By Brandon Smith
As we saw in our story yesterday, Jacob has been wrapped up in some shady dealings. As he pursued Rachel as his wife, her father Laban tricked him by sending Leah to him instead. This instigated a decades-long game of chess, in which Laban continually took advantage of Jacob and used his own daughters as pawns.
It is worth noting that we are not being taught that having two wives is a commendable practice. Rather, we are given a glimpse of a real story from long ago that highlights the rampant wickedness that had come into the world back in Genesis 3. God never approves of the events in the story; rather, He shows mercy to a group of fallen people even in the midst of brokenness. In light of that, we should acknowledge with Jacob that God showed His boundless grace by protecting Jacob and providing for the women involved from the extent of Laban’s evil ways.
After twenty years of service to Laban, Jacob is rightly concerned about cutting bait. He is clear that he wants to make a deal with Laban and move on with his life. However, when he leaves, he is faced with another complication: his brother Esau, who he tricked a few chapters before (Genesis 25), has the power and resources to destroy him and his family. Jaccob is afraid, so he cries out to God for help, acknowledging God’s goodness to him, and begging for that protection to continue. Much to Jacob’s surprise, God graces him with a brother who is warm and compassionate toward him. Once again, he takes note of how God has dealt with him, and he thanks Him.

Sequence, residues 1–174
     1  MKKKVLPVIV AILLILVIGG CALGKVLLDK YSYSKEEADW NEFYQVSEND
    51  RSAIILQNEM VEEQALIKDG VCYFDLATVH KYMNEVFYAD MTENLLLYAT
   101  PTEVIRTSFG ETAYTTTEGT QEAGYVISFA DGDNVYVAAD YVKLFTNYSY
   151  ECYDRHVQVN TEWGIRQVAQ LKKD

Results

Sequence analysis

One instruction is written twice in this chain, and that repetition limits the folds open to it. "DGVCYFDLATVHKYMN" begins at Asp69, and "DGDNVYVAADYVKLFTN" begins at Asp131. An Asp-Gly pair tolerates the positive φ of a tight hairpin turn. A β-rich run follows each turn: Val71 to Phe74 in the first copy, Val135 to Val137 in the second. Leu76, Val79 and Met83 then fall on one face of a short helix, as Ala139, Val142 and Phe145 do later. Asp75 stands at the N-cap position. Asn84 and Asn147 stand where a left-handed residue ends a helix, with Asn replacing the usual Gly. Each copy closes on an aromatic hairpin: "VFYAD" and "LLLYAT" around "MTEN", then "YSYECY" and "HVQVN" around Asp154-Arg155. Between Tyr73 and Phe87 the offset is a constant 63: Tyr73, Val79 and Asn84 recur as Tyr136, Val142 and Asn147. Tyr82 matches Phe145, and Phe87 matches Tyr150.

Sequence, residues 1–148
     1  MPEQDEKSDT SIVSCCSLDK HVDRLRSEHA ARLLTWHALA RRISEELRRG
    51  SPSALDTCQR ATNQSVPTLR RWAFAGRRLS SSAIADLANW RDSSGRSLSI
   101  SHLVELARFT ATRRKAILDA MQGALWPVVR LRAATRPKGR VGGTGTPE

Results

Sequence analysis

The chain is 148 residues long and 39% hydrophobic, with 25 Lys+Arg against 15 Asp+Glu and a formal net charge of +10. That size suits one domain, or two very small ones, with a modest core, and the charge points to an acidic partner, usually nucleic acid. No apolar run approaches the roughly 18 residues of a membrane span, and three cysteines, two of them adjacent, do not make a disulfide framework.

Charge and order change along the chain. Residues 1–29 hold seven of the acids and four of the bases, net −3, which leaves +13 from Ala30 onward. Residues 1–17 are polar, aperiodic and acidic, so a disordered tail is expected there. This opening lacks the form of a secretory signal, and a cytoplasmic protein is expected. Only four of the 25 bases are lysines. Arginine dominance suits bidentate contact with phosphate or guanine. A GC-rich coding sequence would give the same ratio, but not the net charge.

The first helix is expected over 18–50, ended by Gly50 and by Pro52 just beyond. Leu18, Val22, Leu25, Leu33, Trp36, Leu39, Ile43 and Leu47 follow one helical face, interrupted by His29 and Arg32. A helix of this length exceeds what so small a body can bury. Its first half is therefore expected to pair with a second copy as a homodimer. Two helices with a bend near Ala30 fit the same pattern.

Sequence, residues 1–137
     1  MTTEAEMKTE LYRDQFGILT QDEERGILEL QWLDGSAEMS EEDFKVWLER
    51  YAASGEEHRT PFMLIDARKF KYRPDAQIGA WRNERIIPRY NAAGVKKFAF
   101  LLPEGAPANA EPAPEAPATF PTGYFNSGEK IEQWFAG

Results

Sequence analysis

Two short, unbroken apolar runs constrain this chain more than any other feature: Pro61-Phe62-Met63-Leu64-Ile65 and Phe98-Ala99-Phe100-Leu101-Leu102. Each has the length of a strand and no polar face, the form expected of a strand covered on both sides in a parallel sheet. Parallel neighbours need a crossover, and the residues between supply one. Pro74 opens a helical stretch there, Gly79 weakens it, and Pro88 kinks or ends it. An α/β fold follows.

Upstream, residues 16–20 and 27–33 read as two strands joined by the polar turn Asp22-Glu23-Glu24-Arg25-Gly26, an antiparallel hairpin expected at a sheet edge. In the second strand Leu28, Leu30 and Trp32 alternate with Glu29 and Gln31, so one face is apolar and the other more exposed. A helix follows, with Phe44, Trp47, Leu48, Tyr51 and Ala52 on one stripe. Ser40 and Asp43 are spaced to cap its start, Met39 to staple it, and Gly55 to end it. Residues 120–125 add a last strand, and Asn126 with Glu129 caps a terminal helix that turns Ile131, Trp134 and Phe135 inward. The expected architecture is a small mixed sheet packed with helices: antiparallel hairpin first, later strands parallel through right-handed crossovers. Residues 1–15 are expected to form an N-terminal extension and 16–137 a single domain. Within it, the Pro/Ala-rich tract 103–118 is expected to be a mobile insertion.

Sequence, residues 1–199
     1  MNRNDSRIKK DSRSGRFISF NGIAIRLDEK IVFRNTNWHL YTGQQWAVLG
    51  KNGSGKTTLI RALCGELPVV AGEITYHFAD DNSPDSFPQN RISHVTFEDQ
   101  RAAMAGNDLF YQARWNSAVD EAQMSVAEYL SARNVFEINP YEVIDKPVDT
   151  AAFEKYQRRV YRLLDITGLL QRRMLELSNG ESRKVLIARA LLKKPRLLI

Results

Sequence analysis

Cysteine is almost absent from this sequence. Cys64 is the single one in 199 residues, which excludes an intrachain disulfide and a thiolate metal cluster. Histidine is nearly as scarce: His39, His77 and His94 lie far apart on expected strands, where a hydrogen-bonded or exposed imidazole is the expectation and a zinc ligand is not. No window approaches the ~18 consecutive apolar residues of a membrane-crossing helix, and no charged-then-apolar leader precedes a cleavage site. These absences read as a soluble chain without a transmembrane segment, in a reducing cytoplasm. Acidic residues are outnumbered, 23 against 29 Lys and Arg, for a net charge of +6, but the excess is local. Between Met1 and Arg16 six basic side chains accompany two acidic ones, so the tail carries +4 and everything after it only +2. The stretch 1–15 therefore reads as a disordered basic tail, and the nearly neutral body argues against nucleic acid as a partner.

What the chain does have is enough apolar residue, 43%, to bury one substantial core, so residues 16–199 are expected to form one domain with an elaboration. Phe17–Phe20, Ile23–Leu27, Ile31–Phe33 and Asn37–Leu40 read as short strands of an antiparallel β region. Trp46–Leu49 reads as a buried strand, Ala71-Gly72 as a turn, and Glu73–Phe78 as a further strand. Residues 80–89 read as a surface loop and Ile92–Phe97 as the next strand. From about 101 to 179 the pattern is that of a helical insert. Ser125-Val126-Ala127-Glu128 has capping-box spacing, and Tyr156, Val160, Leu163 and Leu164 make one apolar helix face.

Jacob’s story to this point is a repeated reminder of God’s mercy and grace. After sin entered the world in Genesis 3, God could have sent down bolts of lightning and destroyed everything. He could’ve flooded the earth and everyone on it, rather than sparing Noah and his family. And yet over and over again, He deals with His people kindly, meeting them where they are and dragging them out of the mire.
Our Father in heaven always welcomes His prodigal children home and even leaves the porch to run out and meet them (Luke 15:11–32). Through Jesus, we see mercy and grace on ultimate display. In the sending of the Holy Spirit, we are adopted as children and Jesus is warm and compassionate toward us. Like Jacob, may we respond by saying, “I am unworthy of all the kindness and faithfulness you have shown your servant” (Genesis 32:10).
Written by Brandon Smith
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